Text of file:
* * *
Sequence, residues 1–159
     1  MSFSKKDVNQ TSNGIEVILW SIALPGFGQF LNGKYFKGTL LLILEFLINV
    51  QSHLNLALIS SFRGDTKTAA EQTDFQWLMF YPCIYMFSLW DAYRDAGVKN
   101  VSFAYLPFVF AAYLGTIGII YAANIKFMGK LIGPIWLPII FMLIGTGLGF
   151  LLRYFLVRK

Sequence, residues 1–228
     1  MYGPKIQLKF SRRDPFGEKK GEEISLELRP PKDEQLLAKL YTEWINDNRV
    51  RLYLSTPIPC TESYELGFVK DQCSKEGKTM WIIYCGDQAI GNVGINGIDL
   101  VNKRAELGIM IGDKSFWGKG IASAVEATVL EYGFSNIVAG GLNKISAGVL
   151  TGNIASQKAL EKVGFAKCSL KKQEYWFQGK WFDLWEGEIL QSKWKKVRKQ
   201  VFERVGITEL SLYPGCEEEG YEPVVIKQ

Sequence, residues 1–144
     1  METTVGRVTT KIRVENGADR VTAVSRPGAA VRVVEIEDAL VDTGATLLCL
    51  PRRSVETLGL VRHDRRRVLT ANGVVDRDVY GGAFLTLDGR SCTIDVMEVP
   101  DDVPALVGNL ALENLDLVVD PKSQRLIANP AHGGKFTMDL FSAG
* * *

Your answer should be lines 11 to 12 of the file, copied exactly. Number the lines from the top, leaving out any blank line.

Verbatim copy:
   201  VFERVGITEL SLYPGCEEEG YEPVVIKQ

Sequence, residues 1–144